JOYFUL NEWS: Renowned San Francisco Bay Area bookstore, Kepler's, has been "saved." It re-opened this past Saturday thanks to the many patrons in the community who committed to help the store financially. That the building's landlord agreed to lower the rent, under heavy pressure from the local top hats, did certainly help. This is indeed good news for Kepler's, and perhaps a wake-up call on the need to support our local businesses.
SOLAR ENERGY: I can't resist bringing this other bon mot from the White House Resident in Chief. Here is what Bush said in his October 4, 2005 press conference:
I had an interesting opportunity to go see some research and development being done on solar energy. I'm convinced, someday in the relative near future we'll be able to have units on our houses that will be able to power electronics within our houses, and hopefully, with excess energy, be able to feed them back in the system. That's possible. We're not there yet, but it's coming.
IS THIS GUY that clueless? No wonder he's botched Iraq and Katrina! As Studs Terkel would say about the he-man he calls "second banana" (first banana being Karl Rove) or the "clown," it may be "a burlesque show, really, but it's not funny." Not funny, indeed! I mean, Bush does not even know that photovoltaic solar electric generating systems, whether on or off the grid, have been around for a long time. Heck, my uphill neighbor has had an array of 18 or 20 solar panels feeding into an inverter and hooked to the public greed for close to a decade. Further uphill, a small cabin owned by a retired couple who visits twice a year is off the grid with a tiny array fed into batteries, enough to provide electricity for the well pump and the cabin. The first silicon solar cell was made in the spring of 1953 by Gerald Pearson, a physicist at Bell Labs, and work on solar energy goes way back to the 1860s in France (ah ben oui, alors!). Photovoltaic systems have been installed in California since the 1980s. They say that ignorance is bliss. We have a homo ignoramus in the White House. No wonder education is going downhill in this country. Be ignorant, my son, and you may become POTUS one day...
BOONVILLE NEWS: Someone tell that dullhead in D.C. that right here the Anderson Valley Brewing Company (yeah, we don't make only wine in the valley) is completing a major photovoltaic system with two arrays of 40 by 54" panels, each producing 187 watts of power, for a grand total of 786 panels. The peak output should be around 125,000 watts of AC power. The system, whose life expectancy is about 40+ years should pay for itself in a few years. It is connected to the public grid. Even Muscle Man down in Sacramento is coming with a Million Solar Roof legislation and a new California State Rebate Program. But, hey, it's only a "personal virtue," not "an energy policy," if you follow Cheney's and the other crazies' thinking. Instead of spending gazillions of dollars on lethal weapons to wreak mayhem and death around the world could we not as a society decide to solarize the country? Here's an idea:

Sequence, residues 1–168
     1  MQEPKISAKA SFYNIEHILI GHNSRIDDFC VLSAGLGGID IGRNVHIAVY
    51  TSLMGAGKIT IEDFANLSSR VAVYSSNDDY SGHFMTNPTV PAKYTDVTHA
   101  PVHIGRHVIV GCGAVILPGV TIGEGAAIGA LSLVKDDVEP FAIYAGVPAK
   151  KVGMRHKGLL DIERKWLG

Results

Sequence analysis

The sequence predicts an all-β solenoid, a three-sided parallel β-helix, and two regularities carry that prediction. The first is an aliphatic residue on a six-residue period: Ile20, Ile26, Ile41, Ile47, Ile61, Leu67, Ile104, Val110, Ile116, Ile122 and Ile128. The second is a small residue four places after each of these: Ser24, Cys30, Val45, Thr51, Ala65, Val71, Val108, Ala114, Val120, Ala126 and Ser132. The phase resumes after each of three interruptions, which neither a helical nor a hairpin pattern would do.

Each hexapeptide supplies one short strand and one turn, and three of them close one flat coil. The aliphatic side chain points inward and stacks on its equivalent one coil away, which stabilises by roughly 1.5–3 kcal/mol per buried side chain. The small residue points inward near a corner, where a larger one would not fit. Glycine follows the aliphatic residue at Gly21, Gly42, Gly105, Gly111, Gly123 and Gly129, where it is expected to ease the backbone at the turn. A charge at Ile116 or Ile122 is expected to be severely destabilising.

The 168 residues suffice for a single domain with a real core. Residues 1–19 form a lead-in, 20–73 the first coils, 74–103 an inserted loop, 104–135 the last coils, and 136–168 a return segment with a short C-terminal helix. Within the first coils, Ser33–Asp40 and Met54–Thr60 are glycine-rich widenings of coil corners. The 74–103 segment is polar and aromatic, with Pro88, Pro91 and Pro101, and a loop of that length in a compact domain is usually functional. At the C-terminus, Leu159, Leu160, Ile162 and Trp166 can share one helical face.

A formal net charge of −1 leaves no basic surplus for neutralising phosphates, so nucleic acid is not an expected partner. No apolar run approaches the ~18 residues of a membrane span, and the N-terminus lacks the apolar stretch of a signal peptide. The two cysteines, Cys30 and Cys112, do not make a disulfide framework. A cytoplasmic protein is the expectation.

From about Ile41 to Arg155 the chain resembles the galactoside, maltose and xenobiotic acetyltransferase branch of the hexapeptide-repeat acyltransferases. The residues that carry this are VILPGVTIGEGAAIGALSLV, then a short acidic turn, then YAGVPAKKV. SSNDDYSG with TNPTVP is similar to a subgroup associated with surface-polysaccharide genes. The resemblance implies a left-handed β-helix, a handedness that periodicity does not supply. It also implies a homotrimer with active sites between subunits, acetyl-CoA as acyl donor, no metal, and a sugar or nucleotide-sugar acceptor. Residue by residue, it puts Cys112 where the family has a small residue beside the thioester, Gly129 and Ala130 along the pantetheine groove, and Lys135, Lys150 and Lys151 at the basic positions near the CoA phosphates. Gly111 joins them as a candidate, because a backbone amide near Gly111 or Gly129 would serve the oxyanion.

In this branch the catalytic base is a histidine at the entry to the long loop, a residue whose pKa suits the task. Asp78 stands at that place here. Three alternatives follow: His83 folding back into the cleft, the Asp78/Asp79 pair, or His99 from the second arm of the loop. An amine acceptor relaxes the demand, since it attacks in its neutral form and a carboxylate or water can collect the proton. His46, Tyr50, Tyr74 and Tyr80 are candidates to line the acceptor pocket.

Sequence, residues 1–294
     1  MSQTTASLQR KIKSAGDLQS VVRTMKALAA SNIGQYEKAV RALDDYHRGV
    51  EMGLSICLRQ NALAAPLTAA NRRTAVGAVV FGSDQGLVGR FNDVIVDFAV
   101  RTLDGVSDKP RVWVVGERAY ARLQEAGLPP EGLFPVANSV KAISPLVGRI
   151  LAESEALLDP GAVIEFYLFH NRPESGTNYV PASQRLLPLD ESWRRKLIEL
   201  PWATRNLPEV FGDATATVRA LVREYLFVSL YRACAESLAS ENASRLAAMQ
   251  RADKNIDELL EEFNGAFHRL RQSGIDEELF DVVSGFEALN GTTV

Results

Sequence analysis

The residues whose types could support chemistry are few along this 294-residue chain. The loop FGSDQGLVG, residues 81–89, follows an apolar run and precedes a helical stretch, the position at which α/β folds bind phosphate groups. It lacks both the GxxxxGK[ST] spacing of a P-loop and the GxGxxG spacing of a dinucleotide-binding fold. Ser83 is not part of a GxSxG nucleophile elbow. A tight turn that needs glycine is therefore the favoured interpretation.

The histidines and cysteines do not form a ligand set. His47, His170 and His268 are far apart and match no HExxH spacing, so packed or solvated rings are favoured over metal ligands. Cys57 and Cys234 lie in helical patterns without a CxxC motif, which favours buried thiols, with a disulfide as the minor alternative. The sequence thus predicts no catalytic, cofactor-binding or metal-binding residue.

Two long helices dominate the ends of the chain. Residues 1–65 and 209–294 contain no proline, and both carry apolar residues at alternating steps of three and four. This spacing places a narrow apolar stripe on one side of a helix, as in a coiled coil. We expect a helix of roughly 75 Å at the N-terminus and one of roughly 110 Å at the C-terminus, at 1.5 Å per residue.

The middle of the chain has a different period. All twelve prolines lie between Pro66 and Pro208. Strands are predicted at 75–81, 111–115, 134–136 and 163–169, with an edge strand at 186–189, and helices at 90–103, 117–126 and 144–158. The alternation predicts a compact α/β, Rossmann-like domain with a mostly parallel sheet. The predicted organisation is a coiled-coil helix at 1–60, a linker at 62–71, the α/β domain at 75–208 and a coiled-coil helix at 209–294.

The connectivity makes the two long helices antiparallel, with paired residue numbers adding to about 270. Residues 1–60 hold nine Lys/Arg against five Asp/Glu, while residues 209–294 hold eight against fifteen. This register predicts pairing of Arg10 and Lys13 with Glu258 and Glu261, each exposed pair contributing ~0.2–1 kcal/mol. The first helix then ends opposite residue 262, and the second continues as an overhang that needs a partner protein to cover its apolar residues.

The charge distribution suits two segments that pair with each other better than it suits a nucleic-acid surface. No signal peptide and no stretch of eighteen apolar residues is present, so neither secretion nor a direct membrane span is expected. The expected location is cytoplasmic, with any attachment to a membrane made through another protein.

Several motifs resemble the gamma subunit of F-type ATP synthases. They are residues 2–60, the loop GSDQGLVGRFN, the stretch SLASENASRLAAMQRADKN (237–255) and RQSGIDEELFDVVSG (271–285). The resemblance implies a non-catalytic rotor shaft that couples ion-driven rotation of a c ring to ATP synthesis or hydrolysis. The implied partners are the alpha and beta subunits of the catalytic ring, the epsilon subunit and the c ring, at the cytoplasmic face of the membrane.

LET THE PUBLIC utilities companies take care of the installation, maintenance, and management of solar systems. These companies have always resisted those systems because they lose customers, hence money -- the usual vicious circle. So, let's find a way to have these fat cats keep their profits dandy. They'd lease the rooftop or a patch of land of peoples' houses; install as many cells as they physically can, two, three, four times as much as the electricity needs of each household. All the excess electricity would be fed into the public grid. In exchange the utility company would provide free electricity to each household (in payment for each lease) up to an average to be determined; charge the normal rate for consumption above the average; and market the excess of electricity fed to the grid. Less oil, less pollution, new jobs. Wow, what a radical idea!
I READ IN OUR LOCAL RAG that the Mendocino County Planning Department conducted an informal poll to rank the 15 issues of greatest importance to the locals. #1 was lack of affordable housing; #2 was watershed issues and water quality; #3 was hillside development and grading impacts; #4 was lack of water availability. I'll stop here, though #10, lack of thresholds or objective standards for projects or cumulative impact analysis, made me pensive... Anyway, from the pre-written 15 issues, not one addressed the vineyards, and as the reporter noted with some acidity, unaffordable housing, watershed issues, water quality and availability, hillside development and grading impacts, are all directly related to, and caused by, the literal invasion of grape growers and wine makers. They gobble the land; dam the Navarro river with countless unregulated ponds, killing the fishes; poison the land with their pesticides; pollute the water; pump from streams, creeks, wells, lowering the water table; attract immigrants, underpay them, and don't provide housing, leaving the social costs to the community. Worse, the biggest operations are owned by out of the area -- absentee owners. The reporter concludes: "If this were a democracy, we could put some reasonable restrictions on grapes on the ballot and most residents, probably including many from the so-called 'wine-industry,' would vote for it" (from "Valley People," Anderson Valley Advertiser, 09/28/05).
Problem is, this is not a democracy. It's a plutocracy: the democracy of the rich, by the rich, for the rich. It's also known as a greedocracy and a kleptocracy -- and for the rest of us, it's a dumbocracy!
Ç'est la vie...
And so it goes...